Monday, August 11, 2008

Apple #334: The Olympics

I've been watching the Olympics in the evenings, so I haven't been keeping up with my Daily Appling as frequently as I'd like to. So I'll give you a few Olympic facts and then I'm going to check on how the US Swimming team is doing. Haven't those events been fantastic?

"I thought, 'That's ridiculous. I'm at the Olympic Games, I'm here for the United States of America. I don't care how bad it hurts, I'm going after it."
--Jason Lezak, describing what he was thinking in the last few meters of the 4x100 freestyle relay.

  • The original Olympic games were held in Athens in 776 BC.
  • A French guy named Pierre Fr├ędy (the Baron of Coubertin and who is often referred to as Pierre de Coubertin) brought about the revival of the Olympics.

Pierre de Coubertin, the man who made it all happen for us again.
(Photo from Wikimedia)


      • de Coubertin was very passionate about education and he thought that sports and competition was a pathway to a moral education.
      • He decided when he was 31 (this was 1894) that he would make the Olympic games happen again.
      • Two years later, in 1896, it was a reality. The first modern Olympic games were held in Athens.

First Olympic Games (all summer events) in Athens, 1896
(Photo from the IOC)


      • 14 nations participated, but the majority of the athletes were Greek.
  • Those Olympics in 1896 were all summer events. The first winter Olympics were not held until almost 20 years later, in 1924, in Chamonix, France.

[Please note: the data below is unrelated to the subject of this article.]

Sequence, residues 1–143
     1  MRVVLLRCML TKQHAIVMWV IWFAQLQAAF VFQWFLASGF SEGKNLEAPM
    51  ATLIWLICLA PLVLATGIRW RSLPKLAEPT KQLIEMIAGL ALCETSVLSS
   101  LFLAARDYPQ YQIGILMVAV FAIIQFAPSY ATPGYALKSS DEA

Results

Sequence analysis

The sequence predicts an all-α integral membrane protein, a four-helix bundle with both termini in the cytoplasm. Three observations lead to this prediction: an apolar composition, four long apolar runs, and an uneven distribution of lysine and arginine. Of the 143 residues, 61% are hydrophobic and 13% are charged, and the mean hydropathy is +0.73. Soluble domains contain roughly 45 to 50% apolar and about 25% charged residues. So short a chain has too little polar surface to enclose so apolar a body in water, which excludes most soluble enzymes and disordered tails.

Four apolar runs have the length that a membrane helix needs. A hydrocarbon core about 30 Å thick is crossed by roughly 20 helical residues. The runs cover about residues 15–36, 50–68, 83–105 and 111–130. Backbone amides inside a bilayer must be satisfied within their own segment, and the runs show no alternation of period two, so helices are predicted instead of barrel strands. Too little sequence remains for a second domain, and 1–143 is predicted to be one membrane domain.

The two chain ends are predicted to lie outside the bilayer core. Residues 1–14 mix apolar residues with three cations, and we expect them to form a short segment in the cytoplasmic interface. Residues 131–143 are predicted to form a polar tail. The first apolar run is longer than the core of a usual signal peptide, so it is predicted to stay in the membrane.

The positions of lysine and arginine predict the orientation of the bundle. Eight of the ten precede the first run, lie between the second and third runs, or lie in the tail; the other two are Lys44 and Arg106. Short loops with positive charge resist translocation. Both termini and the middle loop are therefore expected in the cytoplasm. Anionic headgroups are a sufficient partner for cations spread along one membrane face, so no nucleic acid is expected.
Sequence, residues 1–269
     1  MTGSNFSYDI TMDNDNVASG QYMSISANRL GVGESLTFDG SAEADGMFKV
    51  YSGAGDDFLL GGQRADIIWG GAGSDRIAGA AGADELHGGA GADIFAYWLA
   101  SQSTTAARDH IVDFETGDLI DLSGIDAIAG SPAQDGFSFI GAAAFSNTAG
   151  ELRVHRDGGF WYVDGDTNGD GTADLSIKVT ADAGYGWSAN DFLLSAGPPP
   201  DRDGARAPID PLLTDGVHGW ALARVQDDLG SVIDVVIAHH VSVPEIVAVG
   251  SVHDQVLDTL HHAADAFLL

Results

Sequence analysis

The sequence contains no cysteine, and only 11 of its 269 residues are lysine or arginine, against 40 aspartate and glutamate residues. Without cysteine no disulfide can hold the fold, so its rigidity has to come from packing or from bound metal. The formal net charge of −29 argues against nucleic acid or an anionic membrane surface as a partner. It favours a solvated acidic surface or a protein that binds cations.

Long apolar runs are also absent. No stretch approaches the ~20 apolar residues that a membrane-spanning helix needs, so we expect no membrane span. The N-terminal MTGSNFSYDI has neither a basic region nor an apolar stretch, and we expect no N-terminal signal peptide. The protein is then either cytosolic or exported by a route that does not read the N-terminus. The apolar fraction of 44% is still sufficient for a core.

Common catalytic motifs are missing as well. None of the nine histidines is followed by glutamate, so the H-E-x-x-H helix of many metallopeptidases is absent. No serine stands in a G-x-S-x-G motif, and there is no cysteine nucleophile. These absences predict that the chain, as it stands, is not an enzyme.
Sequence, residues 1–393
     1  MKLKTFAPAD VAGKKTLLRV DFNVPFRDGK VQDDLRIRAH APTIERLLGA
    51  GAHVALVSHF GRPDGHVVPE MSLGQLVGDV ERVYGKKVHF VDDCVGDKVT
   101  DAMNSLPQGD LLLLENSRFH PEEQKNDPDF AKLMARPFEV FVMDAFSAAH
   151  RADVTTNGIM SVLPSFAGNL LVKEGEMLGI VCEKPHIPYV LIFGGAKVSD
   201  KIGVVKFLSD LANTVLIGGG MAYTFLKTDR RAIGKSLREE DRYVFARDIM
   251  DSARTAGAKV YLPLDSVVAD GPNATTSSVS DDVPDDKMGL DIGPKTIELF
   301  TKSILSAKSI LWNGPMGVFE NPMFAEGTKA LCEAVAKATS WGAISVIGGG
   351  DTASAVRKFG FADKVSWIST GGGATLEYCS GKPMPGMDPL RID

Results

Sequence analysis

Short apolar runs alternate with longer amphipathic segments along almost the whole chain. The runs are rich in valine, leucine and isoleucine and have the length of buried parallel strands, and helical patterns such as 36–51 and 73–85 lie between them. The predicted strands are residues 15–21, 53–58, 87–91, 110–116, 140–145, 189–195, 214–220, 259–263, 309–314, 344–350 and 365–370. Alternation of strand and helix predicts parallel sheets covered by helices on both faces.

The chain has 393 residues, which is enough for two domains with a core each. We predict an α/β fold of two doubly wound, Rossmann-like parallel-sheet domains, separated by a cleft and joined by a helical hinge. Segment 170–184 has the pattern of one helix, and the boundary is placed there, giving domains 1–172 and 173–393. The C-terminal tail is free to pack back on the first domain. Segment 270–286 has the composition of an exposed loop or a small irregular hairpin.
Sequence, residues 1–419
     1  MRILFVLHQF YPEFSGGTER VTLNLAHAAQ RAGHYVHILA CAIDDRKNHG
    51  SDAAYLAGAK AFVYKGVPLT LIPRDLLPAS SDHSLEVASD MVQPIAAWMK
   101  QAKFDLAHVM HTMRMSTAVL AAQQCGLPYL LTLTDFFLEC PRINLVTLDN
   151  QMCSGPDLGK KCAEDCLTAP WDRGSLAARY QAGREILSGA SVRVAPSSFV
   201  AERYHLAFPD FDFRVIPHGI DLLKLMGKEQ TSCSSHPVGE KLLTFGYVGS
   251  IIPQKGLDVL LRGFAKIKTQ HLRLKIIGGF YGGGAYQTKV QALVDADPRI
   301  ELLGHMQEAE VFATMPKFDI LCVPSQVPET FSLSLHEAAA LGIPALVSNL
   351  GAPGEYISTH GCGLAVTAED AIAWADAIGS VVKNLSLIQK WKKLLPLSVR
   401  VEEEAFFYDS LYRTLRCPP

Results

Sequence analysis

First winter Olympic Games, 1924
(Photo from the IOC)

  • It wasn't until the Games in 1912 that participants came from all five continents. A year later, in 1913, de Courbertin designed the Olympic flag with its characteristic five interlocking rings of different colors.

Olympic flag
(Image from Create More Customers)


      • The colors are meant to represent the five continents that participate in the games: Africa, the Americas, Asia, Australia, and Europe.
      • Because the rings interconnect, and because the flag is supposed to signify the cooperation of all nations, the colors do not correspond to individual continents.
      • At the close of an Olympic games, the mayor of the host city presents the flag to the mayor of the next Olympic Games' host city. The flag is kept in that city until the opening of the games when the flag is raised again.

Olympic flame in Greece, from which the torch is lit
(Photo from monstersandcritics)


  • The Olympic flame is meant to symbolize the death and rebirth of the ancient Olympians, as well as the purity and striving for perfection.
      • Carrying the torch from Athens to the new host city (the torch relay) did not exist until the 1936 games that took place in Berlin.
      • Before the start of each Olympics, a new flame is lit in the ancient Olympic stadium in Olympia, Greece. At the end of each games, the flame is extinguished again.
      • A new torch used to carry the flame to the new host city is designed each year.

Athens, 2004. Very different from the Athens of 1896.
(Photo from CL Productions, who planned the opening & closing ceremonies)



Now I'm going to go check in on the action. If you're still curious, here are some more entries related to the Olympics:

The Olympic Theme Song

1904 Olympic Marathon

Ping Pong (Table Tennis)


Sources
International Olympic Committee, Olympic Museum, Permanent Collections
Official Website of the Beijing 2008 Olympic Games, The Olympic Flag
Enchanted Learning, The Olympic Games
Jennifer Rosenberg, Interesting Olympic Facts, About.com

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